“People don’t change. They just get better at hiding who they really are.”

He’s clearly worked incredibly hard to remain discreet and anonymous, so why would he go back for Mattie in the first place and why on earth would he kill her in such a public way? It seemed massively out of character. Also, there is no explanation as to why Sadie thought/how Sadie knew that this man murdered her sister. She just seems to jump to that conclusion. I mean, yeah, the guys is a fucking disgusting human for being a pedophile and I want him dead, but there was no indication that he was a murderer. I could have missed something that explained this, but I don’t think I did. I think it’s just a plot hole that the author hopes people don’t notice as they might be distracted by the subject matter.

Sadie switchblade cover

I mentioned earlier that Sadie was hell-bent on revenge, and I was right there with her and wanted her to get it. But did she? Sadie has something that divides readers: an ambiguous ending. You get to decide if Sadie lives or dies after her confrontation with the man who sexually abused her as a child she believes killed her sister. I personally believe that Sadie dies at the hands of this man. So I felt a bit cheated. I wanted Sadie to kill this guy. I wanted her revenge for her. But because of the way I read Sadie I just didn’t feel like she lived.So unfortunately I didn’t get what I wanted. In a way, this is a great metaphor for life: sometimes we don’t get what we want, sometimes life doesn’t go out way, and sometimes…the bad guys win.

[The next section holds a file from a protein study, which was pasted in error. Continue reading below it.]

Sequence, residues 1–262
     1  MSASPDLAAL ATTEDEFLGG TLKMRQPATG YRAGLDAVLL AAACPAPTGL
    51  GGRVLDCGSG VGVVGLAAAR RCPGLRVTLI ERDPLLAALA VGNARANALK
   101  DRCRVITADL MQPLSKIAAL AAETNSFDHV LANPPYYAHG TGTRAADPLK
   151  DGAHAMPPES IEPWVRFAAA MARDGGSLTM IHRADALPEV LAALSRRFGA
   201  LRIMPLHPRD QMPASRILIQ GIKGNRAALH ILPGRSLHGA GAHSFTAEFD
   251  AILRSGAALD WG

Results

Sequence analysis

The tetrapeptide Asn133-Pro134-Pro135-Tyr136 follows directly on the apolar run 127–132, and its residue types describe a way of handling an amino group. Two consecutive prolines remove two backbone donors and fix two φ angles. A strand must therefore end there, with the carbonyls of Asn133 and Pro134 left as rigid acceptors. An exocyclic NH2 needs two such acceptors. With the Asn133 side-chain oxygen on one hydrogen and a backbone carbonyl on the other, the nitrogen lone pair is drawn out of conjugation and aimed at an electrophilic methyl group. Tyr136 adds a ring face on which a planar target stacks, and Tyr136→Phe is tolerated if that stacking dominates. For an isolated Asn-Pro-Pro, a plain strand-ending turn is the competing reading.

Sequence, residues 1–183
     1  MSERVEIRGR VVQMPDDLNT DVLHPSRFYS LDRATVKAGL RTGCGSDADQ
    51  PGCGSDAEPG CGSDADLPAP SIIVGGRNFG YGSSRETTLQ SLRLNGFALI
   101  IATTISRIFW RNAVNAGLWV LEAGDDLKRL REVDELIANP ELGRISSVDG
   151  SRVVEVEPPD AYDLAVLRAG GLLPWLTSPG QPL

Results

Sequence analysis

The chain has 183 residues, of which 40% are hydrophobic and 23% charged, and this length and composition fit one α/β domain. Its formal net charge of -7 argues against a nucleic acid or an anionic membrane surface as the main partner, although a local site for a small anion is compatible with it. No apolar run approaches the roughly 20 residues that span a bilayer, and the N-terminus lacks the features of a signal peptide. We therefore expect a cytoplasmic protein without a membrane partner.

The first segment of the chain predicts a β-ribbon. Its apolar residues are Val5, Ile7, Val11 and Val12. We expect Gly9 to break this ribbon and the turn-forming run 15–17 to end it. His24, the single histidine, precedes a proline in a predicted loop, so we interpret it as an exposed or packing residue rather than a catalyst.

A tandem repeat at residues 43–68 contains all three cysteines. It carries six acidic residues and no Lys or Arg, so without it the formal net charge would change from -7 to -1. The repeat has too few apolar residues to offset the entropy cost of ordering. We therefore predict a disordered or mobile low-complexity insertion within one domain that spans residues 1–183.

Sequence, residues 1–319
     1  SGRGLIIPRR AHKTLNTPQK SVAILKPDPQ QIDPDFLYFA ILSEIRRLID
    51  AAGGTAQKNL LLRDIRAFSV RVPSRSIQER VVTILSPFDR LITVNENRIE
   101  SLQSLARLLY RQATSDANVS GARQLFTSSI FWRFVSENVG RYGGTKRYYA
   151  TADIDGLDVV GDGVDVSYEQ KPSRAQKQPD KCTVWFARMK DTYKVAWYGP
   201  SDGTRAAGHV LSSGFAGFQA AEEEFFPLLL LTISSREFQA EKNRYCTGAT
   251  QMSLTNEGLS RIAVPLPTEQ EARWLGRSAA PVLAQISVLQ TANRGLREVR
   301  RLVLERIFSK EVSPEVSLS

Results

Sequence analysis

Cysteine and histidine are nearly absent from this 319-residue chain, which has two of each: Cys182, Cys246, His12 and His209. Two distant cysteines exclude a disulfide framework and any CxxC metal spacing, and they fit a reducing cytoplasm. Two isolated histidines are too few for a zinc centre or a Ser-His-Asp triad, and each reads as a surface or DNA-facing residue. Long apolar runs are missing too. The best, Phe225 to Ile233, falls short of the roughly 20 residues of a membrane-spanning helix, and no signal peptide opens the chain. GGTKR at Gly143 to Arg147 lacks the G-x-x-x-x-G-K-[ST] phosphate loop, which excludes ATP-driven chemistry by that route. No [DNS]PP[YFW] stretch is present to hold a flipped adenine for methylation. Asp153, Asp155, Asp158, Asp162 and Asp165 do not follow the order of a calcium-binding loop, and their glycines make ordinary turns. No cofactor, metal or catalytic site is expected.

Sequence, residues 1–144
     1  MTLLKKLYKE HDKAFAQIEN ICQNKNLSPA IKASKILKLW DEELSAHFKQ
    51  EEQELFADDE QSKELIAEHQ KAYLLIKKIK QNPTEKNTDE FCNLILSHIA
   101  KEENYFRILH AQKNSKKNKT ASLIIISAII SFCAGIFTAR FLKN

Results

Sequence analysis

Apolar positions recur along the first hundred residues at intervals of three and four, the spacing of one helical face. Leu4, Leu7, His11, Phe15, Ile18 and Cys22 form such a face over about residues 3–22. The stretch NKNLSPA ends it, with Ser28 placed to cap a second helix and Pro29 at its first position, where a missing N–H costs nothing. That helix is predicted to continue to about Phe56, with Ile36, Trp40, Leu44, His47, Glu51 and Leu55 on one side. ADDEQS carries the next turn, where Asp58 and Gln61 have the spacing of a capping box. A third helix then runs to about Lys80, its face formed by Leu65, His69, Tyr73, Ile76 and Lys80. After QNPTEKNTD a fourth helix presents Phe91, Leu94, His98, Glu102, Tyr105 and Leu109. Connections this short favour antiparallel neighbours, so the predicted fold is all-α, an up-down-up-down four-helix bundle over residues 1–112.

“I’ve put my weak, wanting heart into the universe. I close my eyes and let myself feel it, the heat of her palms against my cheeks. Then she kisses me. Her lips are soft and unexpected and right.”

Sadie is not a light-hearted read by any stretch of the imagination.It does not have a ‘happily ever after’ vibe about it and it is a raw and emotional read. It unashamedly explores a darker and more vicious, but undeniably (and unfortunately) very real, side of the world we live in. It’s addictive and it will kick you in the guts.

However, I do think that it suffered a bit of overhype, which is a real shame. Whilst I went into Sadie knowing very little, I thought it would be more of a thriller than a contemporary, but I feel like it was more a contemporary with thriller elements. That’s not necessarily a bad thing, but I was expecting something else so felt a little disappointed. But the podcast and POV chapters were a brilliant way to explore the story and helped me really enjoy the book.

“I stare up at the sky, its stars. Small miracles.”


Want to find out if you think Sadie lives or dies? You can buy it here with FREE worldwide delivery!

[PLEASE NOTE]: I was not paid or sponsored to write this review – all the opinions are honest and my own.